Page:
food waste, waste

The Bokashi Experiment

With so much fresh produce available here in Thailand – an array of tropical fruit, local ‘green leaves, herbs and other vegetables, I eat fairly well. I rarely throw out edible food, but there are always unconsumed seeds, skins and peelings that end up in my bin. Knowing what I do about food waste (a third of all food produced globally is wasted) and the problems it creates (the wastage of copious water, energy and land that is used to produce food and the methane gas that is produced when food waste goes to landfill), I was getting frustrated.

With no outdoor space for a compost bin or garden nor available food waste recycling, I pondered what I could do to reduce my food waste? I happened upon the Bokashi bin concept and decided to find out more.

Unlike composting, Bokashi uses fermentation to break down food and other organic matter. Put simply, composting uses oxygen, whereas Bokashi doesn’t. Bokashi instead uses microorganisms which ferment the waste. You can buy Bokashi bins with everything you need in many countries, but I didn’t fancy my chances locating one in Thailand. So I set about making a DIY Bokashi. Seemingly simple, I browsed the local hardware store to find a large bucket with a lid on it, then a smaller bucket with holes inside which fitted inside the larger one. Once my plastic purchases were home, I swiftly began diverting my food scraps from rubbish to Bokashi bin. It rapidly filled up, so now I just had to wait for it to ferment. 

Alas, after not having read the instructions properly, I realised I needed to provide some microorganisms to assist with fermenting. I discarded my half rotten vegetables (not-fermented food waste) onto my pot plants, not appreciating that the mixture was too acidic, and very nearly killed a few plants. Whoops. Cultivating microorganisms was a time consuming and periodically smelly process, which took six weeks – consisting of preparing a fermented broth and then soaking newspapers in it.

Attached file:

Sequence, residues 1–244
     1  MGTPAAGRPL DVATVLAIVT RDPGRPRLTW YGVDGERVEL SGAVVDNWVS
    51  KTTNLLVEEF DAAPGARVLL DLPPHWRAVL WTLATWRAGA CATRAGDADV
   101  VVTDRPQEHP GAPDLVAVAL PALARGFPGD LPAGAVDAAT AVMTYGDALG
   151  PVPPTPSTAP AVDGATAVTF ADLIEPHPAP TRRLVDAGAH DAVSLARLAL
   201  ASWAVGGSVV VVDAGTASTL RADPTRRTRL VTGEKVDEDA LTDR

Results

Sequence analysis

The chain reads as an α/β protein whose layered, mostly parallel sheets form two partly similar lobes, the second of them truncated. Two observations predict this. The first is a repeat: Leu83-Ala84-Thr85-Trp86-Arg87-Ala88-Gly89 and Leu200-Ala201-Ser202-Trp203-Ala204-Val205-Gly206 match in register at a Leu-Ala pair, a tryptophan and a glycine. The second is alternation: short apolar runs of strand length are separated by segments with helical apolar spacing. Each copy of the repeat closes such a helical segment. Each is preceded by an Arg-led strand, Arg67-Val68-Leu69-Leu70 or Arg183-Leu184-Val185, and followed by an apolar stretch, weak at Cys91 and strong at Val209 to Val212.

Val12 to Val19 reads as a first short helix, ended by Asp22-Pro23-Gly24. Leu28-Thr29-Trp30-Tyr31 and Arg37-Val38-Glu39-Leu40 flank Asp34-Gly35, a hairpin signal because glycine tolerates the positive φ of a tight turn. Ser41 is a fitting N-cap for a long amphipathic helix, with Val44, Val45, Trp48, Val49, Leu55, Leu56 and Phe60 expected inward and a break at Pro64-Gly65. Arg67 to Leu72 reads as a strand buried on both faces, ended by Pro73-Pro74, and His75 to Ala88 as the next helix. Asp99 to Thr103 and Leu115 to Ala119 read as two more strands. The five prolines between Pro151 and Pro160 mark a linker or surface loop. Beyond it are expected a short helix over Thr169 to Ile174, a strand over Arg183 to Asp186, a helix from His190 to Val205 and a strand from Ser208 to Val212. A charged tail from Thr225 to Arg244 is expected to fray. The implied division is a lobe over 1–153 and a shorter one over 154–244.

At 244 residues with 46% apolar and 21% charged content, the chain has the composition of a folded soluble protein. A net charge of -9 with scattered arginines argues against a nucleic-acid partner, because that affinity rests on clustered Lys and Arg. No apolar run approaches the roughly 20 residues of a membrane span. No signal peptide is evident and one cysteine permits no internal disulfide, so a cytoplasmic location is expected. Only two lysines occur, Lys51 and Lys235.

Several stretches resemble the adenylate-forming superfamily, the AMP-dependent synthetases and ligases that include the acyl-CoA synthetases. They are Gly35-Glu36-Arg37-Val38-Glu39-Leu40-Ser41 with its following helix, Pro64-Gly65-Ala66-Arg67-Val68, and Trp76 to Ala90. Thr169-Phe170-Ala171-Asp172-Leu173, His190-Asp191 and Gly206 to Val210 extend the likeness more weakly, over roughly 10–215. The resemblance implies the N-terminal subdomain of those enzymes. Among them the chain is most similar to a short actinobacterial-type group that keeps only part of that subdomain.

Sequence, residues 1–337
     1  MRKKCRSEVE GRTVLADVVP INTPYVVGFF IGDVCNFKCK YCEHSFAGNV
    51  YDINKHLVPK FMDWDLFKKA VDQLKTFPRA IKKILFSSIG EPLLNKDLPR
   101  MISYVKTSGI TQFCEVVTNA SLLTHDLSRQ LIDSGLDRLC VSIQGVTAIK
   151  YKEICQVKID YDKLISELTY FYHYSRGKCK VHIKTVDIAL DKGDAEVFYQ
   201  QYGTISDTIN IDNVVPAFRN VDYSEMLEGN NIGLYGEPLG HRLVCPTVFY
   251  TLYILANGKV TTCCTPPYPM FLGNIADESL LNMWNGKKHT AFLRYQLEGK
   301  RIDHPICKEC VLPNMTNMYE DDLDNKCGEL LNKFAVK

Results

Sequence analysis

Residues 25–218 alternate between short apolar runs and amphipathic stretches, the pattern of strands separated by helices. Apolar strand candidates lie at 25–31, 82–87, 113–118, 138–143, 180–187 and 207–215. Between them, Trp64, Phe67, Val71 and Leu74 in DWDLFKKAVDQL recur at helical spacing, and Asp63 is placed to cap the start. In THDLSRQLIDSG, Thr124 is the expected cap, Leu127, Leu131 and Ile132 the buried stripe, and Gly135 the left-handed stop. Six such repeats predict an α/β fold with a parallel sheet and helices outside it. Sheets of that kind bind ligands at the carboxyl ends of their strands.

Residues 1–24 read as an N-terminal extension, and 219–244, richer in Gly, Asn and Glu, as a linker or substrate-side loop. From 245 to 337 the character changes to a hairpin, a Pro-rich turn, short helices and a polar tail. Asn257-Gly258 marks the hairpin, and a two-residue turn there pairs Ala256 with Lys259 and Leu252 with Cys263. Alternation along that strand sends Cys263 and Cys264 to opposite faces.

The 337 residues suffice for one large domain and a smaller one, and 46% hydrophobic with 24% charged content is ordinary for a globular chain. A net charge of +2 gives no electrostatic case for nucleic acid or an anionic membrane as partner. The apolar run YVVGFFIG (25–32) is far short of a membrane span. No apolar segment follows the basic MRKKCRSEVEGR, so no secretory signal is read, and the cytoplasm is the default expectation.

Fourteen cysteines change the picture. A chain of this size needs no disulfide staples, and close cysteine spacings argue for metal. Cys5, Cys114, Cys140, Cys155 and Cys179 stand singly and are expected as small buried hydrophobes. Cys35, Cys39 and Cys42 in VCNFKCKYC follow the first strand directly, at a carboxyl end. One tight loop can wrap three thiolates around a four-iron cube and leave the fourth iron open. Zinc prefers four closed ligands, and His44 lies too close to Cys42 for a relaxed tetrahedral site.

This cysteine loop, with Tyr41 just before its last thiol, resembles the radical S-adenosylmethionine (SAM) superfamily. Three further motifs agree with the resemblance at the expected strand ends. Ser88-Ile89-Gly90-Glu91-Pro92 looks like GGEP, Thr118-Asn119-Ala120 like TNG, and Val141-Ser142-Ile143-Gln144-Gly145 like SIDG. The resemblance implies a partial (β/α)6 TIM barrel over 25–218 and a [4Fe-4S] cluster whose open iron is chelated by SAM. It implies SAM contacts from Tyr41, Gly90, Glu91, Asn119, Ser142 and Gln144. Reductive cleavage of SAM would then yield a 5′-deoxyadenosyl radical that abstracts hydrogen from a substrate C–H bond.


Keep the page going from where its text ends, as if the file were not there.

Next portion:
Several weeks later, I started filling my bin again. This time I could smell the fermenting in full action. I regularly drained off the fermented juice, and poured a diluted mixture on my pot plants. My small pot plant garden has been thriving with this terrific fertilizer! After filling the bin, I waited a couple of weeks and then used some of the mixture on my plants. Bokashi websites suggest that you bury the mixture in the garden, but what if you don’t have one? There is always a bit too much Bokashi mixture to put on my eight pot garden. What do other apartment dwellers do?

The fermented juice is great for plants!

I also wasn’t sure if the fermentation process was going as well as it could. This was perhaps due to the ineffective seal of the rubbish bin, letting in some air, or not enough soaked newspapers to aid fermentation. Third time around, I’ve improved the bin’s seal and added more newspapers. Hopefully that will help things. I also find that my bin fills up rather quickly, so while I’m waiting for it to ferment, I have to revert to putting food waste in the rubbish bin. I also wonder whether the high concentration of tropical fruits changes the process or perhaps the skins take longer to break down?

Has anyone else tried the DIY Bokashi process with any success? Or had similar issues? 

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